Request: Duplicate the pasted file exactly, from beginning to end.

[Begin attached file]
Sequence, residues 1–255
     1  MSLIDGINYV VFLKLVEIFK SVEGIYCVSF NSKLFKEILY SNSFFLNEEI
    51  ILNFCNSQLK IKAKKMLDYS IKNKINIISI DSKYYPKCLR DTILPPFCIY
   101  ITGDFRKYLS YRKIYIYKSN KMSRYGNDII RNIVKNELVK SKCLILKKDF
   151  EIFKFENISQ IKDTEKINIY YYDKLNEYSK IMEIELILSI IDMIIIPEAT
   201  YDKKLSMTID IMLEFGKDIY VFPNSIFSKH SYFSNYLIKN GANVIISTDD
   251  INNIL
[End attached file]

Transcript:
Sequence, residues 1–255
     1  MSLIDGINYV VFLKLVEIFK SVEGIYCVSF NSKLFKEILY SNSFFLNEEI
    51  ILNFCNSQLK IKAKKMLDYS IKNKINIISI DSKYYPKCLR DTILPPFCIY
   101  ITGDFRKYLS YRKIYIYKSN KMSRYGNDII RNIVKNELVK SKCLILKKDF
   151  EIFKFENISQ IKDTEKINIY YYDKLNEYSK IMEIELILSI IDMIIIPEAT
   201  YDKKLSMTID IMLEFGKDIY VFPNSIFSKH SYFSNYLIKN GANVIISTDD
   251  INNIL